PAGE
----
On Monday the 21st, our thoughts turned to "New Songs of Justice," featuring newer, younger voices at Central Park Summerstage.  The folk scene was clearly represented by The Chapin Sisters, Mike & Ruthy, Sarah Lee Guthrie & Johnny Irion, Steve Earle, and James Maddock.  Also performing were Rebel Diaz, Toni Blackman, White Tiger Society, Nyraine, Anti-Flag, and Amanda Palmer.  DJ Kool Herc even spun a little bit as doors opened and also between artist sets.  All of these artists' songs are firmly rooted in activism, and the concert itself was presented in partership with Sankofa, a social justice organization founded by Harry Belafonte.  One of Pete Seeger’s main objectives had been to entice younger people to write songs that matter, so this concert was a fitting finale.  At the end of the evening, all the artists were invited onstage for a group sing-along of “Turn, Turn, Turn.”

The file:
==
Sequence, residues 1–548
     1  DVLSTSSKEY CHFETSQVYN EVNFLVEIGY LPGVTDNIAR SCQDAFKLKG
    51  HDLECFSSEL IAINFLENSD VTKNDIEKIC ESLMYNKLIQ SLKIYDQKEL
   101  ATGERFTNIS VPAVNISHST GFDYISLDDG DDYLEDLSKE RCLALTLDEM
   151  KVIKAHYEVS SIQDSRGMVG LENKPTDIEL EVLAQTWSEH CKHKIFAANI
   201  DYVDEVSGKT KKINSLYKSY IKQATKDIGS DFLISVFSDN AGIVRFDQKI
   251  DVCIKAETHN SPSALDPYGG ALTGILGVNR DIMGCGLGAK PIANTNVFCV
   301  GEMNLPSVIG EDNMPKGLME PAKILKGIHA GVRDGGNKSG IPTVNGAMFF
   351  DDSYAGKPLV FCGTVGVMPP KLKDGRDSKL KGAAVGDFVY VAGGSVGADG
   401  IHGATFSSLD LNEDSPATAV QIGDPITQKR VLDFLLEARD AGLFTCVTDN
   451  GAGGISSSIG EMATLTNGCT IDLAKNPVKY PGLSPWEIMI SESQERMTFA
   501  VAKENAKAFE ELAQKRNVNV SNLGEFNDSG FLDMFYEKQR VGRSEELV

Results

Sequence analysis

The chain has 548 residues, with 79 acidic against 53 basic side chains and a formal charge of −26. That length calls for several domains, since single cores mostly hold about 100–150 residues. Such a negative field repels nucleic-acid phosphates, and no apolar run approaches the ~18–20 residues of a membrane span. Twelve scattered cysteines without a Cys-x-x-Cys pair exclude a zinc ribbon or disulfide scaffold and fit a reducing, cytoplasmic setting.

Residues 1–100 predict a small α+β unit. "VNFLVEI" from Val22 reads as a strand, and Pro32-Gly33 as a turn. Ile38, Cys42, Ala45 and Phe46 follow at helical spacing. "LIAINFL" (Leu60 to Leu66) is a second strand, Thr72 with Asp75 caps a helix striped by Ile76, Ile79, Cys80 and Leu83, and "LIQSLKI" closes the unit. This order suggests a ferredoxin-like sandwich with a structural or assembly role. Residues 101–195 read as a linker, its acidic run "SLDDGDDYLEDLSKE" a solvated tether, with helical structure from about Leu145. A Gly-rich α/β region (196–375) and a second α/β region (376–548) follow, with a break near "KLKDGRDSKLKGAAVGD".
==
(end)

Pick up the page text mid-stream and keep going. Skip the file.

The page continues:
By all accounts, Seeger Fest was a complete success.  It was a wonderful, magical, inspiring festival, and I was honored to play an active role in pulling it all together.  I think it went even better than we had hoped.  Months and months of planning had indeed paid off.  We on the production team adhered to Pete’s belief that every voice counts as we all offered opinions and suggestions as to how to make this the most fitting tribute to Pete & Toshi.  We all brought our talents to the table and worked together to support Kitama's grand vision to honor his grandparents.  And I think we all learned that if like-minded individuals truly believe in an idea, they can pull off the seemingly impossible.